The kids giggled. “We’ll just stand up and yell.” Lindsey waved her hands in semaphore, and traffic directed me toward the imaginary back of the church, and all the kids yelled, “NOW!!”
The next day, we sat in the car for a half-hour helping my father to re-write the eulogy. I watched the rain slash against the windshield as he sat next to me crossing his pen through lines and my step-mother added her thoughts from the backseat. Ducking in the rain, we ran across the street to Saint Mark’s where ushers stood outside with their giant black umbrellas. I stopped in the entrance of the church and saw my uncle and automatically looked for my aunt before remembering why we were there. And then I saw Stevie sitting on a bench near the door and he looked very solemn and grown-up in the way that teenagers do when they’re wearing suits, but he gave me a secret smile and I smiled back.
I held it together until my mother showed up. Even though she’s been divorced from my father for almost two decades, she still made the four hour drive south for the funeral, because Aunt Marg was like a mother to her. She hugged my cousins and my uncle and told them all that she’d loved Marg very much. She cried, and I cried, because I always cry when my mother does. She doesn’t cry very often. I stood behind her and watched her hug my cousins and introduced my younger cousins to her because they’re all gorgeous and in their teens and twenties and she probably remembers most of them as chubby toddlers.
And then the ushers ushed us and Lindsey gave me a watery smile. I sat with my mom a few rows behind Aunt Marg’s kids and grandkids, and looked up at the green columns and soaring ceilings of the church. I was overwhelmed by kinesthetic memory, the kind your body holds onto without any help from your mind or heart. Suddenly my skin and lips and hands and teeth were all remembering the last time I’d been in that church, at the funeral of my little cousin who was killed in a car accident just days before his twenty-second birthday. I remembered sitting in approximately the same place five years earlier, watching the somber young men in suits who should have been Jimmy’s groomsmen, not his pallbearers. We sat in silence for a long time and then there was music and the priest talked about death and life and I thought of all the things you think about at a funeral, all the funerals you’ve been to before and all the people you’ve lost in your life and all the people you’ll lose in the future, and how you never knew one heart could hold so much hurt and still keep functioning. As one of my genius students said, “It’s weird at funerals. Like there’s nowhere you’d rather be but at the same time there’s a thousand places you’d rather be.”
It was like that.
I thought of all the things I’d always meant to ask Aunt Marg about but had never gotten around to asking her, all the things I should have told her last time I saw her, not even important things, stupid things like Thank you for the birthday cake you made me that looked like a bunny and Thank you for letting me bring my recently-rescued dog into your house when I was twenty-two and thank you for letting him sleep next to me in the bed in the Ivy Room and What was my dad like when he was a little kid? and What was it like to be a girl in the 1930s and 1940s, not just any girl but a Backes girl, what does it mean to be a Backes and how did you raise such nice kids and did you know that I’ve always planned to name a daughter Margaret Mary just like you? And I thought about how my mom was younger than I am now when she first came into this family and I thought about how she told my uncle that she always appreciated the fact that he and Aunt Marg let her bring her big gross dog into their house when she was in her twenties and they let me do the same thing when I was in my twenties, and I cried.
Next to me, my mother wound her arm around my shoulders and squeezed me against her, and I thought about how it’s a good thing that she’s immortal because if I ever lost her I wouldn’t even be able to walk anymore.
And the whole time – crying, leaning against my mother, wiping my eyes with paper napkins I’d grabbed out of my dad’s car and shoved in my purse before the funeral – I was also watching Stevie, and worrying about carrying the host. Because this is how my mind works: put me in a church on one of the top ten saddest days of my whole life, and then give me a task that involves carrying sacred objects in front of a churchfull of people, and the whole time I’m mourning my aunt I’ll also be worrying about that molded jello plate in third grade.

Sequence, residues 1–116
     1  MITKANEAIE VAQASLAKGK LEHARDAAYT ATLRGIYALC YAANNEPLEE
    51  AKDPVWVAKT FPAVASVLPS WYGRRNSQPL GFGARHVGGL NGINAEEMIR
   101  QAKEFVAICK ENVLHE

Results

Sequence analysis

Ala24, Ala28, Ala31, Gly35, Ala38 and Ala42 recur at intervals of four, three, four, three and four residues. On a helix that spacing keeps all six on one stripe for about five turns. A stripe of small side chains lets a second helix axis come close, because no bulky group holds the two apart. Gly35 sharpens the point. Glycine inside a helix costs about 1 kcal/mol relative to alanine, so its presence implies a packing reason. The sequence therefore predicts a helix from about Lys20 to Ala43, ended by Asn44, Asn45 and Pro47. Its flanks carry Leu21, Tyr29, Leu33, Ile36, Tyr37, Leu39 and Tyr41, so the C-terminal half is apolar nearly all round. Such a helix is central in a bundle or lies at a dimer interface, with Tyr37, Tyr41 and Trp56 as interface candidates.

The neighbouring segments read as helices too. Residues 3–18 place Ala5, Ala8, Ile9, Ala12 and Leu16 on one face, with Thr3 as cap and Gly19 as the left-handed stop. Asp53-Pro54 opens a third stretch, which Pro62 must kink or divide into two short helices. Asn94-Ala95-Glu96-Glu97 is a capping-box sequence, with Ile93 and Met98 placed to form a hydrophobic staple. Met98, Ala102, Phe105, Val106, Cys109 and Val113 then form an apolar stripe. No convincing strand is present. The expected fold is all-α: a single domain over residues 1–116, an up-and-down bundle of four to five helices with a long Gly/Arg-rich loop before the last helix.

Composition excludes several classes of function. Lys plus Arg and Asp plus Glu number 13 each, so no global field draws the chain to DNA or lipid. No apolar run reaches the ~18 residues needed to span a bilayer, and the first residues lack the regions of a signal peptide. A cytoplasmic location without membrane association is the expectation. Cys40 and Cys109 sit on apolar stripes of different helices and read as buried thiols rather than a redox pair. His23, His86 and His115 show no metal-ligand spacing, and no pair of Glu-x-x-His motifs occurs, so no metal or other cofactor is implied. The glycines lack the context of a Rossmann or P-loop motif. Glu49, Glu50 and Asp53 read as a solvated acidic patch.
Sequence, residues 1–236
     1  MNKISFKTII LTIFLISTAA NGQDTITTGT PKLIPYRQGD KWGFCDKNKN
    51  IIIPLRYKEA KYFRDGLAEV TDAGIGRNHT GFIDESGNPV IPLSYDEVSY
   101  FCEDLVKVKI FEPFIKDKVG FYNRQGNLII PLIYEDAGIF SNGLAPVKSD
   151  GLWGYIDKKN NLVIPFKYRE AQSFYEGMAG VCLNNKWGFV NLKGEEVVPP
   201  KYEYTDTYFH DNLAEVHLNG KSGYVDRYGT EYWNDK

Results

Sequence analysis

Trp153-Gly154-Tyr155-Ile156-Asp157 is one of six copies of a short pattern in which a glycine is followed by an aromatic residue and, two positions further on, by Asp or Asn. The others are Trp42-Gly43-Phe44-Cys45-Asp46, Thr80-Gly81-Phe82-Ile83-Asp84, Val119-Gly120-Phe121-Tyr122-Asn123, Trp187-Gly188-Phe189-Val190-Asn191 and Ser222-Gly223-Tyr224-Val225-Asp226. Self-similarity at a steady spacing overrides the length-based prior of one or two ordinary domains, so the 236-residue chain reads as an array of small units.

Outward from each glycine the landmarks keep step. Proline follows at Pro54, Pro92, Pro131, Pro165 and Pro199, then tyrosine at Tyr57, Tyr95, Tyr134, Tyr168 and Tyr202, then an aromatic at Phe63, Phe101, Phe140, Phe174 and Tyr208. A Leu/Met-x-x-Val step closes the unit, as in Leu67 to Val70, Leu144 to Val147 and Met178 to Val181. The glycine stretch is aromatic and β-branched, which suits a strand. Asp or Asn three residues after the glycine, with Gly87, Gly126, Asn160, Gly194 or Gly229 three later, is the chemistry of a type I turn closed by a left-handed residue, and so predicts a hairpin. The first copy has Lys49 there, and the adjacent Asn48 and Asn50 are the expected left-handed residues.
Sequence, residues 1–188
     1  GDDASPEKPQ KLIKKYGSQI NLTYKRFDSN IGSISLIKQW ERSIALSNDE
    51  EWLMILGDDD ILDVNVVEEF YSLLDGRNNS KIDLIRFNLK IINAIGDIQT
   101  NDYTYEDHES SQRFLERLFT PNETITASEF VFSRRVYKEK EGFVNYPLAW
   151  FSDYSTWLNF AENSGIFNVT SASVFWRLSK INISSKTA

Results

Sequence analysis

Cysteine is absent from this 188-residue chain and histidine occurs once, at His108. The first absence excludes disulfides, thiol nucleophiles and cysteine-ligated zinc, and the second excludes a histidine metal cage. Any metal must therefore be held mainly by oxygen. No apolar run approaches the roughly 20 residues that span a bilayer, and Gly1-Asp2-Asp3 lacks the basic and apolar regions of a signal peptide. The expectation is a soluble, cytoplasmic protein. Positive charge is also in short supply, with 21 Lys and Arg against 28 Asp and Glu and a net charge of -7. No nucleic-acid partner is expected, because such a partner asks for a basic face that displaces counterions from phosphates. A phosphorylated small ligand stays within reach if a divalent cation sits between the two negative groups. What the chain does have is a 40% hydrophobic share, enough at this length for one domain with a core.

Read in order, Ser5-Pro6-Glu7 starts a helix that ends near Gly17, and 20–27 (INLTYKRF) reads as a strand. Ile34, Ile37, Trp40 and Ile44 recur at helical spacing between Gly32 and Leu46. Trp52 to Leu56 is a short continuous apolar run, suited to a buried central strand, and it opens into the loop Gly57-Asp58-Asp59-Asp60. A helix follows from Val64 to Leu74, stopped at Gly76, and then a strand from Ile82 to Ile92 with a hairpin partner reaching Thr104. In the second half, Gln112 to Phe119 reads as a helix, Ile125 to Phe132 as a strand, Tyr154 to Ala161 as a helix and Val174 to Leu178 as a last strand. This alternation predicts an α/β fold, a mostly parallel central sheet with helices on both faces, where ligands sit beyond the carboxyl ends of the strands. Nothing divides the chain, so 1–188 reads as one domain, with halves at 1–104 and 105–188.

What if I tripped? What if I tripped? What if I tripped?
And maybe I wasn’t raised Catholic and maybe I don’t believe in exactly the same God as they do, but I believe in the beauty of my family and the sanctity of love, and Lord, I did not want to screw up Aunt Marg’s funeral by tripping down the aisle and sending the holy bowl of Communion Wafers flying through the audience members like rice at a wedding.
So of course I tripped.
As it turns out, cute little maryjane crocs are not the best shoes to wear when carrying Communion Wafers down the aisle at a funeral, because if you’re really focused on not dropping the little gold dish they’re in, your crocs might just catch against the marble floor and make you trip. And I was, and they did. Just a little. Just a little tiny instant of almost-tripping and then half-skipping down the aisle but it was enough to make me smile in embarrassment because of COURSE I tripped, if there’s anyone who’s going to trip at a funeral while trying to deliver Communion Wafers to a very nice priest, it’s M. Molly Backes.
It was only a very tiny trip, but it was enough to make me pink-cheeked as I followed the example of my adorable eighth grader cousin and dipped my head at the priest and then hurried back to the pew where my mother sat. I flung myself in next to her, relieved at least that it was over, and I whispered to her, “OH MY GOD, I TRIPPED!”
She squeezed my hand reassuringly, and whispered back, “I was just shocked the Communion Wafers didn’t burst into flame in your Pagan Baby hands.”
So I guess the moral of this story has something to do with finding the humor and absurdity in all parts of our lives, not just the obvious ones. In fact, you could probably argue that those moments of laughter in the middle of heartbreak are exactly what define our species. That -- even in the face of death and the certainty that we will eventually lose everyone we love and even the world itself – we still fall in love, we still hang on to hope, and we still laugh: this is what makes us precious, and absolutely human.
And I have to believe that wherever Aunt Marg is now, whether it's heaven or our hearts or the kindness and generosity of her children and grandchildren or all of the above, she's certainly laughing.